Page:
Faculty Research 1990 - 1999

Title

Granulosa cell tumorigenesis in genetically hypogonadal-immunodeficient mice grafted with ovaries from tumor-susceptible donors.

Document Type

Article

Publication Date

1993

Keywords

Crosses-Genetic, Disease-Susceptibility, Female, Granulosa-Cell-Tumor: et, ge, Mice, Mice-SCID: ge, Mutation, Neoplasm-Transplantation, Ovarian-Neoplasms: et, ge, Pilot-Projects, SUPPORT-U-S-GOVT-P-H-S

JAX Source

Cancer Res 1993 Aug 15;53(16):3741-6

Grant

CA54889/CA/NCI, AI30389/AI/NIAID, CA13196/CA/NCI

Abstract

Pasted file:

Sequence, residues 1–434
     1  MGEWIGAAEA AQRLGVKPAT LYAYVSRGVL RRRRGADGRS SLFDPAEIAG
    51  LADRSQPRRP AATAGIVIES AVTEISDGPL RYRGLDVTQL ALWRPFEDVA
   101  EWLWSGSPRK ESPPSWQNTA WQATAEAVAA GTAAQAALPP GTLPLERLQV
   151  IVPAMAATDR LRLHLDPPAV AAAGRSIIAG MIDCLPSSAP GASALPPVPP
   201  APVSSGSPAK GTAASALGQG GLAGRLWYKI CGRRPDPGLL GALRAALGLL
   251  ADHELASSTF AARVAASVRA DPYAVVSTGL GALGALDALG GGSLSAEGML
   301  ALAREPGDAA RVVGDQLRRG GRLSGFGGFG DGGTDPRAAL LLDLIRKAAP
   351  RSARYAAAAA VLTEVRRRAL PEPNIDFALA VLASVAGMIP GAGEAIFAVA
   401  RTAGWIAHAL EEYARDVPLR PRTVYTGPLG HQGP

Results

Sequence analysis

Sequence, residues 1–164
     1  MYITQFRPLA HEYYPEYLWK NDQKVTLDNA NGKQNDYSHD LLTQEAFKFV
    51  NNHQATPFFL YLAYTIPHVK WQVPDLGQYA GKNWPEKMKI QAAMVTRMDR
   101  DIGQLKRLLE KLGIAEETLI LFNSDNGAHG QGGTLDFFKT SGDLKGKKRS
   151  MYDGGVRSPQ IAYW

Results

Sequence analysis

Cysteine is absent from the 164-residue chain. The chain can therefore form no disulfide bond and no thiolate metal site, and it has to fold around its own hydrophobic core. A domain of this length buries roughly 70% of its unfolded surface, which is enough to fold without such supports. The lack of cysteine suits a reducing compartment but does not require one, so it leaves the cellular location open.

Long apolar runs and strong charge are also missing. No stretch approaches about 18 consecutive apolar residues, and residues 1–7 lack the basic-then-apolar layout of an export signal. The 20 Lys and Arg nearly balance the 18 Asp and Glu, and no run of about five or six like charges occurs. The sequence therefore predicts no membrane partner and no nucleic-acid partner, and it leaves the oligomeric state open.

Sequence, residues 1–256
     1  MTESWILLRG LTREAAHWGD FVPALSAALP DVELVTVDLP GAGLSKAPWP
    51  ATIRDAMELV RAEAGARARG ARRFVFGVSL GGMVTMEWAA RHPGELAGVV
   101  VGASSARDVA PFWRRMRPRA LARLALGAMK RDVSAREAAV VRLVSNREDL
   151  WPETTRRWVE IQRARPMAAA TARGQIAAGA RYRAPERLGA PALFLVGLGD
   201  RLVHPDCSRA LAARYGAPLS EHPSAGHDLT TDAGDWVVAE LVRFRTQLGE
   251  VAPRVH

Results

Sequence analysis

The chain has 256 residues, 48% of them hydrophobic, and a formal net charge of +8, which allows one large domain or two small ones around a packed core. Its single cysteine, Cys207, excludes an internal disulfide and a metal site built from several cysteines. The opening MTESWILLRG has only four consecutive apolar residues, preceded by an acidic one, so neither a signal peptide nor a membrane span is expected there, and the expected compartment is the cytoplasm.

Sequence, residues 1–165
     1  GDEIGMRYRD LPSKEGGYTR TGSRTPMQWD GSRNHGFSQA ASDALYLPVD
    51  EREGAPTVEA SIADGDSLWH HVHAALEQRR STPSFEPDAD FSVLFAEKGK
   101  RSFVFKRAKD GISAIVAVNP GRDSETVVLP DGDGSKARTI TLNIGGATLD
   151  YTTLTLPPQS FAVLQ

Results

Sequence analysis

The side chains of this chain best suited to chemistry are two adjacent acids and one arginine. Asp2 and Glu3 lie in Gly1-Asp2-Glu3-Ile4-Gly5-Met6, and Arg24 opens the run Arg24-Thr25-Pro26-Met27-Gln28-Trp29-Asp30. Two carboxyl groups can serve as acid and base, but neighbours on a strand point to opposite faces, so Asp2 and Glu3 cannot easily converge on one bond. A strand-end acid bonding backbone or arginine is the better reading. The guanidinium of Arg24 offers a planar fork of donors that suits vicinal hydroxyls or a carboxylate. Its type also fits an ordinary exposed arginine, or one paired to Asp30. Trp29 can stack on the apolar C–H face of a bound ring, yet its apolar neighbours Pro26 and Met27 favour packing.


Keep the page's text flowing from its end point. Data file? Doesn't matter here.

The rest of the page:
The SWR and SWXJ recombinant inbred strains of mice develop heritable, pubertal onset ovarian granulosa cell (GC) tumors with characteristics similar to those observed for human juvenile GC tumors. We utilized this murine model to determine: (a) whether spontaneous tumorigenesis is an intrinsic property of the susceptible ovary; (b) whether pubertal developmental stage affects tumorigenesis; and (c) whether tumorigenesis depends on extraovarian regulation provided by an immune system or a hypothalamic-pituitary gonadotropin system. To test these questions, ovaries from tumor-susceptible donors were grafted beneath the kidney capsules of hosts with differing immunological and hormonal capabilities. Hosts for these ovarian grafts were: (a) immunologically intact, syngeneic mice; (b) immune-deficient, allogeneic mice homozygous for the severe combined immune deficiency (scid/scid) mutation; and (c) scid/scid mice segregating for the hypogonadal (hpg) mutation, yielding gonadotropin-deficient hpg/hpg scid/scid and gonadotropin replete +/? (hpg/+ or +/+) scid/scid littermates. Donors and hosts of differing ages were used to address questions of developmental effects on tumorigenesis. Grafts were examined 6 to 10 wk after implantation for ovarian morphology and tumor incidence. Results showed that ovary grafts from susceptible female mice formed spontaneous GC tumors equally well in both syngeneic and immune-deficient scid/scid hosts. In each type of host, the incidence of grafts exhibiting spontaneous tumor development declined significantly with increasing age of both donor and host. In addition, prepubertal ovary grafts formed spontaneous tumors in hormonally normal +/? scid/scid but not in hormonally deficient hpg/hpg scid/scid hosts. Finally, treatment of hpg/hpg scid/scid host mice with the androgenic steroid hormone precursor, dehydroepiandrosterone, resulted in GC tumor formation in the tumor-susceptible ovary grafts. We conclude that pubertal onset, spontaneous tumorigenesis in the susceptible ovaries is: (a) independent of an intact immune system; (b) terminated by completion of ovarian maturation as a cyclic organ; (c) not dependent on extraovarian factors unique to the genetically susceptible host; and (d) potentially initiated by androgenic steroids in the absence of an intact hypothalamic-pituitary gonadotropin axis. We hypothesize that ovarian androgens synthesized in response to normal gonadotropin stimulation initiate spontaneous tumorigenesis in the genetically susceptible ovary.

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